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Working paper

WP107: Cross-cutting cleavages and ethnic voting: An experimental study of cousinage in Mali

Thad Dunning and Lauren Harrison 3 Apr 2009 Mali
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Social scientists often attribute moderation of the political salience of ethnicity, in ethnically diverse societies, to the presence of cross-cutting cleavages-that is, to dimensions of identity or interest along which members of the same ethnic group may have diverse allegiances. Yet estimating the causal effects of cross-cutting cleavages is difficult. In this paper, we present experimental results that help to explain why ethnicity appears to have little political salience in Mali, an ethnically heterogeneous sub-Saharan African country in which ethnic identity is a poor predictor of vote choice and parties do not form along ethnic lines. We argue that the cross-cutting ties afforded by an informal institution called cousinage help explain the weak association between ethnicity and individual vote choice. Both co-ethnic and cousinage alliances enhance the credibility of politicians’ policy promises, yet neither dimension of identity becomes dominant as a basis for vote choice due to their cross-cutting nature. The experimental research design we introduce may be useful in many other settings.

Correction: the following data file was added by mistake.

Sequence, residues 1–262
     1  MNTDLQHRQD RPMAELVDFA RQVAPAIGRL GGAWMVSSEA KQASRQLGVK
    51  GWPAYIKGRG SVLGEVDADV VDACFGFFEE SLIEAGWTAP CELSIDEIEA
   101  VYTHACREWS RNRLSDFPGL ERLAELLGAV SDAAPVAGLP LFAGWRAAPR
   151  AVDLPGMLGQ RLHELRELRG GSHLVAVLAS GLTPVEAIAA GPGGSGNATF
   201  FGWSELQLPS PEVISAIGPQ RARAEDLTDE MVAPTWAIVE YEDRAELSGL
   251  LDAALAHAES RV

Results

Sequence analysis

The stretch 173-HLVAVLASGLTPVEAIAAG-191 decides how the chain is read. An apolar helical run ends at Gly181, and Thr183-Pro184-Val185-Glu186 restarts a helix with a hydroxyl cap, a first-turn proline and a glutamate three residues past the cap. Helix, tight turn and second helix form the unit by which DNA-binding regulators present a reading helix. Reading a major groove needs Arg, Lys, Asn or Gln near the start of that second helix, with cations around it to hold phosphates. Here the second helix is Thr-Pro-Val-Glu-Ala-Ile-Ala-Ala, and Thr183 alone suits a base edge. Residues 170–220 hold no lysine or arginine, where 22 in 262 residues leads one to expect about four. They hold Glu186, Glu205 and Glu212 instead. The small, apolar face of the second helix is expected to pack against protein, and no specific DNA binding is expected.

Thad Dunning

Thad Dunning is Assistant Professor, Department of Political Science, Yale University

Lauren Harrison

Lauren Harrison is a student at Yale College, Class 2009<br />